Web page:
This paper will deploy Deleuze and Guattari’s geophilosophy to read the political economy of contemporary Cambodia as a stratum that emerged from the deterritorializing mechanisms of the Khmer Rouge genocide and politicide.
In his April 2014 meeting with the visiting Laotian Prime Minister Thongsing Thammavong, Chinese President Xi Jinping highlighted the need for China and Laos to intensify their comprehensive strategic partnership to achieve their national development goals.
A total of six countries — China, Laos, Myanmar, Cambodia, Vietnam, and Thailand — have relied on the Mekong River for generations. This shared use in the absence of clear ownership makes the river a regional transboundary common pool resource.
In his address to the United Nations General Assembly in late September 2015, Chinese President Xi Jinping advocated for a new type of international relations that is based on practical win-win cooperation.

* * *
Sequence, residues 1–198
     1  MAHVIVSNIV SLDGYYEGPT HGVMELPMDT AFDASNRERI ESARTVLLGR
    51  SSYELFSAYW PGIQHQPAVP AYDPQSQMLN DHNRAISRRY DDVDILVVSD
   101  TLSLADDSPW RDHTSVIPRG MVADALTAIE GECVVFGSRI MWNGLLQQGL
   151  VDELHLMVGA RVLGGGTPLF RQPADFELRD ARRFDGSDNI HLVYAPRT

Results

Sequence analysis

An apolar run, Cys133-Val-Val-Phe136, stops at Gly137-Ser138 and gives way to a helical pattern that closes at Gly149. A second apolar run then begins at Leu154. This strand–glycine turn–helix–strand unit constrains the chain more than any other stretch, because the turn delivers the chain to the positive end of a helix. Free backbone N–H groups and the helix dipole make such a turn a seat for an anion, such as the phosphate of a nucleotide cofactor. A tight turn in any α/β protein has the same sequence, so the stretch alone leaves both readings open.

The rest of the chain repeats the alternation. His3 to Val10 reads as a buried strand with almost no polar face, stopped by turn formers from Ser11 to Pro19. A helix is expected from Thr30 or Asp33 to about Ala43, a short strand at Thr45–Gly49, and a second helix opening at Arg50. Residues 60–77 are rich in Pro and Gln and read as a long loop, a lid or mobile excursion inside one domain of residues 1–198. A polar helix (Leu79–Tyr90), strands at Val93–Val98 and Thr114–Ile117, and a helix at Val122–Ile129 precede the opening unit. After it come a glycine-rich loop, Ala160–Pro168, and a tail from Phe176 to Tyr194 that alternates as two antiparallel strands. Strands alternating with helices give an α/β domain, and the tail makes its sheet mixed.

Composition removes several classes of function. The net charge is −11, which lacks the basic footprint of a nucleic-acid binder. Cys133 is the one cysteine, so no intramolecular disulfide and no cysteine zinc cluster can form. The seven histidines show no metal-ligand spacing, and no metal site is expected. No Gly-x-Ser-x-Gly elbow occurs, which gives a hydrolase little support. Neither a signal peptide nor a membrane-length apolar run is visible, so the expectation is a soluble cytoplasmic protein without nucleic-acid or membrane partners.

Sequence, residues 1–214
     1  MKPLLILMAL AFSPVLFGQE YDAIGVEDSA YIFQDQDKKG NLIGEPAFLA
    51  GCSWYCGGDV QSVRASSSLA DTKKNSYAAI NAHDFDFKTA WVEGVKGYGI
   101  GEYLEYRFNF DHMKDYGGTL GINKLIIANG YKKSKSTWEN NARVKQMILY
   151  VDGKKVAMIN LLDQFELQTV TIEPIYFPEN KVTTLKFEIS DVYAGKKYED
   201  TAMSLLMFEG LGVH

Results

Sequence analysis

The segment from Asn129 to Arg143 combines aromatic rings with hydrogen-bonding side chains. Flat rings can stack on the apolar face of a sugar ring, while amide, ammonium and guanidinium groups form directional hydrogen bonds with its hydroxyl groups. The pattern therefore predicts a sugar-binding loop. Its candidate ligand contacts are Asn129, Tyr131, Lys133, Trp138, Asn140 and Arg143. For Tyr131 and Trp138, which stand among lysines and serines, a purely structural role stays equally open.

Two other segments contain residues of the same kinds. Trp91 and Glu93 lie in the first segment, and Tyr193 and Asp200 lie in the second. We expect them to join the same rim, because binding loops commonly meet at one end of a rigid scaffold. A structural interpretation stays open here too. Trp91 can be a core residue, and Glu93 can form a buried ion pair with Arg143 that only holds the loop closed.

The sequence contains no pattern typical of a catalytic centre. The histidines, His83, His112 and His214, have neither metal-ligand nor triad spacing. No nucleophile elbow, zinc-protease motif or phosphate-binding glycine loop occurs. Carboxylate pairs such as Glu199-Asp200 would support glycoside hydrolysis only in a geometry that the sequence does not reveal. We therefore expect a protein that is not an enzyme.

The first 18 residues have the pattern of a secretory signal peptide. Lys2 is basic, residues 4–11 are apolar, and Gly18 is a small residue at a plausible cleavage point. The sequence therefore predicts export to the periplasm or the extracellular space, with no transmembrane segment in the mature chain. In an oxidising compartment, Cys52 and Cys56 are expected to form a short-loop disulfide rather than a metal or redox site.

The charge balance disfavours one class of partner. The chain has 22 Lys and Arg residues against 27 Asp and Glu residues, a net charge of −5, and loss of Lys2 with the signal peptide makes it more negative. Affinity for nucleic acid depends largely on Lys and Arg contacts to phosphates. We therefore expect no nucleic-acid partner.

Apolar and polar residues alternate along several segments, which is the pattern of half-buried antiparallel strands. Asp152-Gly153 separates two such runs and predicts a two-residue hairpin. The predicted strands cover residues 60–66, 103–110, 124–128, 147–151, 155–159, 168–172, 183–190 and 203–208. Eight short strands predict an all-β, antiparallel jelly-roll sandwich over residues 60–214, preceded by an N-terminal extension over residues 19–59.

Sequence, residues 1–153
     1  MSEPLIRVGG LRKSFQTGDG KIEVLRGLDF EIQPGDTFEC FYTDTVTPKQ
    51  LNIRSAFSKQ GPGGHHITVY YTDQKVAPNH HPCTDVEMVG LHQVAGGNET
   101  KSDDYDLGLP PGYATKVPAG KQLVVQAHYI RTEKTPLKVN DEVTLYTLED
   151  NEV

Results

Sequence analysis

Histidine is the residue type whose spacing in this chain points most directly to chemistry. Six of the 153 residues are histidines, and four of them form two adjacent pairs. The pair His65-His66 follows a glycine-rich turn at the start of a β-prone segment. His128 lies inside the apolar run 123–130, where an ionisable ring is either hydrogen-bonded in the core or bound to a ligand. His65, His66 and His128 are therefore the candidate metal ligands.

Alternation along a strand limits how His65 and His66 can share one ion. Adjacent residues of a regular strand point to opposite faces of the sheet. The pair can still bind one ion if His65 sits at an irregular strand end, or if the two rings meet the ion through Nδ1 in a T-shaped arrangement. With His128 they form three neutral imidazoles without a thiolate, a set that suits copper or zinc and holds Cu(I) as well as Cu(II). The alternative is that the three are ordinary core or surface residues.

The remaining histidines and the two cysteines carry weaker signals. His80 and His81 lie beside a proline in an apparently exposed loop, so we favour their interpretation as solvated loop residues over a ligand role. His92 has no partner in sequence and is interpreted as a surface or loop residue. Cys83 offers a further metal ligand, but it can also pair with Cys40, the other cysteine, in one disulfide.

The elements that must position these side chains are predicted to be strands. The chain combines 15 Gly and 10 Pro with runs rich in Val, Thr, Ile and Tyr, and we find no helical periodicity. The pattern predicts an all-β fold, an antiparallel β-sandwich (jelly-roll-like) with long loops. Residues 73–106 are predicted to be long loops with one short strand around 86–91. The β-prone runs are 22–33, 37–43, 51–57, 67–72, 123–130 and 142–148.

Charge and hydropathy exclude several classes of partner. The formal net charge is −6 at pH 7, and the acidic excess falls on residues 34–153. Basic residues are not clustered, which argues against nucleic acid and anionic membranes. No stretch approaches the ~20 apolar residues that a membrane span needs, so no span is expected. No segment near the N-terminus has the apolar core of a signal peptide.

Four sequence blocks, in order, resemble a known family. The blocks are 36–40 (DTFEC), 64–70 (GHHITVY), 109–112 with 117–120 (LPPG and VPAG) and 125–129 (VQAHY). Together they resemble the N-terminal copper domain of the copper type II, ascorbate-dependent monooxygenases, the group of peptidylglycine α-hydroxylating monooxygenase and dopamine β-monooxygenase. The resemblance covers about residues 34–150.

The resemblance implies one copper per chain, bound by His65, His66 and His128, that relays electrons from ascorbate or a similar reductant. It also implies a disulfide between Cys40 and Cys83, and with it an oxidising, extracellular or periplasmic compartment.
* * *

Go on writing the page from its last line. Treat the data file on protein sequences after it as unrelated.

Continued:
In a conference on Sino-Cambodian cooperation held in June 2015, Bu Jianguo, China’s ambassador to Cambodia, identified Cambodia as being located on China’s 21st Century Maritime Silk Road development plan.
On March 8, 2015, a Tatmadaw fighter jet battling rebels from the Myanmar National Democratic Alliance Army in the Kokang region accidentally bombed a village in Gengma county in China’s Yunnan province, destroying a house.
Speculation is rife that it is now a good opportunity for the US to nurture Vietnam into a strategic ally in its pivot to Asia, but, plagued by bilateral political distrust, it seems that Vietnam can only be an ally of convenience at best.